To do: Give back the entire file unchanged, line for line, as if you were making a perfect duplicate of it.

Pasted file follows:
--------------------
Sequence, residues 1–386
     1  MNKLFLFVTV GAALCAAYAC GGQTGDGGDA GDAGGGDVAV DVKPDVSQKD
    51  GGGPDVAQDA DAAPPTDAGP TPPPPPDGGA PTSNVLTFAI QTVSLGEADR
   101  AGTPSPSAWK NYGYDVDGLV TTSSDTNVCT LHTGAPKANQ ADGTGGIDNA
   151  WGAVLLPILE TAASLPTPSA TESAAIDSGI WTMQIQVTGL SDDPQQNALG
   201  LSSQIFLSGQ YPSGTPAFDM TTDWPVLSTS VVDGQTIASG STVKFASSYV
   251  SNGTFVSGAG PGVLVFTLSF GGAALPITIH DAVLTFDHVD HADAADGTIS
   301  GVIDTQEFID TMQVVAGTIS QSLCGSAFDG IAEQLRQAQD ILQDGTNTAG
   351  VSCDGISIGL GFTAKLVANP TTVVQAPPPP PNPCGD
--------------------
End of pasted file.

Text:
Sequence, residues 1–386
     1  MNKLFLFVTV GAALCAAYAC GGQTGDGGDA GDAGGGDVAV DVKPDVSQKD
    51  GGGPDVAQDA DAAPPTDAGP TPPPPPDGGA PTSNVLTFAI QTVSLGEADR
   101  AGTPSPSAWK NYGYDVDGLV TTSSDTNVCT LHTGAPKANQ ADGTGGIDNA
   151  WGAVLLPILE TAASLPTPSA TESAAIDSGI WTMQIQVTGL SDDPQQNALG
   201  LSSQIFLSGQ YPSGTPAFDM TTDWPVLSTS VVDGQTIASG STVKFASSYV
   251  SNGTFVSGAG PGVLVFTLSF GGAALPITIH DAVLTFDHVD HADAADGTIS
   301  GVIDTQEFID TMQVVAGTIS QSLCGSAFDG IAEQLRQAQD ILQDGTNTAG
   351  VSCDGISIGL GFTAKLVANP TTVVQAPPPP PNPCGD